Throughout history, the saints have shown that union with Jesus in the Eucharist leads to a deeper love and awareness of the fundamental dignity of each person. Expanding on this notion, Bishop Paprocki drew attention to the “Aparecida Document” issued by the Bishops Latin America and the Caribbean (CELAM), including then-Cardinal Jorge Mario Bergoglio, now Pope Francis. Given that those in attendance are Catholic students of various disciplines, including not only theology, but also science, law, and leadership, Bishop Paprocki drew attention to a particular paragraph showing the necessity of living with Eucharistic coherence:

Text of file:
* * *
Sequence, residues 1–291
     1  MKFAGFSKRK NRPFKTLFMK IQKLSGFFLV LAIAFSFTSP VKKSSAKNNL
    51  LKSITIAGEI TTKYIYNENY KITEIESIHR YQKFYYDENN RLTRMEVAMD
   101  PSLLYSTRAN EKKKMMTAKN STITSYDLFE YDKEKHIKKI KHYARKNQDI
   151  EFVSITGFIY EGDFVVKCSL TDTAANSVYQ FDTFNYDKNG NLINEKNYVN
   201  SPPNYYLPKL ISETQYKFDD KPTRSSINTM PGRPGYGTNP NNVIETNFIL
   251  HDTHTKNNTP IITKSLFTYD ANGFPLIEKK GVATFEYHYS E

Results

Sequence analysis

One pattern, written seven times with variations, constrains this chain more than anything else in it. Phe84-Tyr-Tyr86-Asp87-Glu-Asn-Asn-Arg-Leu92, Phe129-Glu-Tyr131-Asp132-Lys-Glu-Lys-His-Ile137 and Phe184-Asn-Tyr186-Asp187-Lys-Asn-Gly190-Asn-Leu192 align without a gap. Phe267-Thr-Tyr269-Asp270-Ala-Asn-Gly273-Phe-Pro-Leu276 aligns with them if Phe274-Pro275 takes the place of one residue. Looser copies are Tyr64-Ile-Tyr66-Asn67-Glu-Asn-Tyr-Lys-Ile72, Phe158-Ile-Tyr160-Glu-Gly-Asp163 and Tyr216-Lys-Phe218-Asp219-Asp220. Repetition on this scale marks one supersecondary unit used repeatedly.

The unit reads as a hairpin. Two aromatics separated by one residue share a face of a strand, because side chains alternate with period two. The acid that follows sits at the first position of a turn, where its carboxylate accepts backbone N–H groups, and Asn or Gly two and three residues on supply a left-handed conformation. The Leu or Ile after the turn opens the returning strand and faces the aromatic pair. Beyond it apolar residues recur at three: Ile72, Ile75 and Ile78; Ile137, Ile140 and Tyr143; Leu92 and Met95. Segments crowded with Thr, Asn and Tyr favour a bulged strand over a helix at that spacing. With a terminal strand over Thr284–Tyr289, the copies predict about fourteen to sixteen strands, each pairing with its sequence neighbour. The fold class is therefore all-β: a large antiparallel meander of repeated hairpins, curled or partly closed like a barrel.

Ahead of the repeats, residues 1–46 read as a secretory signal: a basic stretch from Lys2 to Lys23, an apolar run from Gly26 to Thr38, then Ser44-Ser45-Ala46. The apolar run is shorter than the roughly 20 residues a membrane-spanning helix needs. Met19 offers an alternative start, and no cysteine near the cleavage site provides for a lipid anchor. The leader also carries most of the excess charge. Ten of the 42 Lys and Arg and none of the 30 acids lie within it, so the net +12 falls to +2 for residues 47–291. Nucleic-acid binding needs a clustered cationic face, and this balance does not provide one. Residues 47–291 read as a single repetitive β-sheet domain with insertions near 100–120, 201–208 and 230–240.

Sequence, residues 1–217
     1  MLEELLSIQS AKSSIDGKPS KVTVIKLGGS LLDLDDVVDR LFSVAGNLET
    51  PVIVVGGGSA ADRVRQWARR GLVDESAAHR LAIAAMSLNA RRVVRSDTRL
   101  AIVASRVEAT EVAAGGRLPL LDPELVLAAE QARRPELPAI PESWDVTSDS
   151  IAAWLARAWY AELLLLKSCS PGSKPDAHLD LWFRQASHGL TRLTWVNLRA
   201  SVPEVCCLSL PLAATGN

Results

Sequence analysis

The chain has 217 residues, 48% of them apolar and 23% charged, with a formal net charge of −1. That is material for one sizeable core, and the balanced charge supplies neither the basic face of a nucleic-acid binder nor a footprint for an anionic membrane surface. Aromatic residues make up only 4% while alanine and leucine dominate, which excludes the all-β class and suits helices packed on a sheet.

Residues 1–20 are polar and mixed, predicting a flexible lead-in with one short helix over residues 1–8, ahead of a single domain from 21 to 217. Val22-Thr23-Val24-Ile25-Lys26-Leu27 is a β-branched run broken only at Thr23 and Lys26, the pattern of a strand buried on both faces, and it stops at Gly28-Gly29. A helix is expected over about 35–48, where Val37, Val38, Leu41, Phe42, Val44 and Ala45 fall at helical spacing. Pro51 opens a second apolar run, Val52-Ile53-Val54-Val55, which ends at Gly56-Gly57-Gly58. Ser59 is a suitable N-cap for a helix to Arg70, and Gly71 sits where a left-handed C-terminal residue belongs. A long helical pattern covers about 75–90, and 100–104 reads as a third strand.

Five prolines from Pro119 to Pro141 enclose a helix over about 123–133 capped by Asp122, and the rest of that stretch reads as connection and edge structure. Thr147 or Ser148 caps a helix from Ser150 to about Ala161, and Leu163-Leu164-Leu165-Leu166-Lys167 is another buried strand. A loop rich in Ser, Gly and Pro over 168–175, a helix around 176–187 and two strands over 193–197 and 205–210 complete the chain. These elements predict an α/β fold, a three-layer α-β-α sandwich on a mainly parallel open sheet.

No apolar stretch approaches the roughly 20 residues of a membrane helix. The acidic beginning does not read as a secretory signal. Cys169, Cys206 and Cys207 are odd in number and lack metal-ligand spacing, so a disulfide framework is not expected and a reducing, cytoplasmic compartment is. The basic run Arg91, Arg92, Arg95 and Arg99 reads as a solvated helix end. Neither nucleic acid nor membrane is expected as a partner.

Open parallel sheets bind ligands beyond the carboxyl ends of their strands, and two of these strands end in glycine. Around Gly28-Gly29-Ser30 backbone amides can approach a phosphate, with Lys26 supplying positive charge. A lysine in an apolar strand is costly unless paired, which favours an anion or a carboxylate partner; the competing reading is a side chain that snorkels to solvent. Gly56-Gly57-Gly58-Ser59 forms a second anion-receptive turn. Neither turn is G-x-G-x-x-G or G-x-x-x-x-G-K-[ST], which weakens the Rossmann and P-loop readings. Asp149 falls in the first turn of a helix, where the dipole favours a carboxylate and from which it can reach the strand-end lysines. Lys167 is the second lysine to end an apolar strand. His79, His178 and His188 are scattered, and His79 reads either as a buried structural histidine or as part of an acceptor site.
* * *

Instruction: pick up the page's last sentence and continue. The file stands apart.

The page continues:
“We hope that legislators, heads of government, and health professionals, conscious of the dignity of human life and of the rootedness of the family in our peoples, will defend and protect it from the abominable crimes of abortion and euthanasia; that is their responsibility. Hence, in response to government laws and provisions that are unjust in the light of faith and reason, conscientious objection should be encouraged. We must adhere to “eucharistic coherence,” that is, be conscious that they cannot receive Holy Communion and at the same time act with deeds or words against the commandments, particularly when abortion, euthanasia, and other grave crimes against life and family are encouraged. This responsibility weighs particularly over legislators, heads of governments, and health professionals.”